The 27 EU Ministers expressed their preferences on different policy options which could be implemented across the EU in a short timeframe to alleviate the burden of high energy prices on households and industrial consumers. The Ministers agreed that immediate action must be taken to implement short-term exceptional emergency measures, noting that such emergency interventions should be temporary, preserve the fundamentals of the internal energy market and cross-border trade, and be consistent with current efforts to reduce gas demand.
The meeting considered a note from the EU Presidency, as well as informal documents prepared by the Commission and circulated to Ministers to set out possibilities for discussion (so-called “non-papers”). These documents state that the unprecedented high wholesale gas and energy prices have disproportionately benefited two groups of companies: the “inframarginal” electricity producers (i.e., renewables, nuclear, etc.) whose production costs are unrelated to high gas prices, but who may have been able to benefit from high electricity prices; and fossil fuel producers. The meeting considered two potential tax-related measures:
Revenue cap on inframarginal electricity producers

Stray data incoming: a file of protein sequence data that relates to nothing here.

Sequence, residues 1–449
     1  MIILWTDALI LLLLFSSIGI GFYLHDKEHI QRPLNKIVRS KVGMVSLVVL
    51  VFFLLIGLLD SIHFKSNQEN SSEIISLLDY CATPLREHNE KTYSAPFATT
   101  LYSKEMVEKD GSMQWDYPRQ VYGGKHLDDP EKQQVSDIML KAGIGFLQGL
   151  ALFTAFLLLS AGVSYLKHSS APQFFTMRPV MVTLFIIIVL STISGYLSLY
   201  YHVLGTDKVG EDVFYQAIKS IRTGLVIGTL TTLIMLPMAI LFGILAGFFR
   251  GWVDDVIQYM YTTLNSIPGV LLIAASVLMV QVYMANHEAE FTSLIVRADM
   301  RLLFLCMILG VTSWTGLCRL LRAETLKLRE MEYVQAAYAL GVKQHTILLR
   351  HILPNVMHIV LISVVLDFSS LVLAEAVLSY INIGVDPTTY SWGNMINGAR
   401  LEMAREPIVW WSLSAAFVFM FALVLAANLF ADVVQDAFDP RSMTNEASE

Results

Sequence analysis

For inframarginal electricity producers, a possible EU-wide measure would temporarily apply to limit the revenues that electricity generators could earn from producing electricity from sources that are less expensive than current price-setting technologies. One possible mechanism would be for generators to be treated as if they had entered a long-term contract for difference on sales of their electricity (i.e., to be treated as if they received a fixed price per unit of energy, rather than a floating market price or any other price). Any difference or excess revenue above the revenue cap would be paid to the government, while leaving wholesale energy prices unchanged. Affecting, for example, solar, wind and nuclear energy, the difference between the price that these generators actually charge their customers and the cap would generate extra financial revenues for Member States, with the idea that these revenues should be used to support households and businesses in need.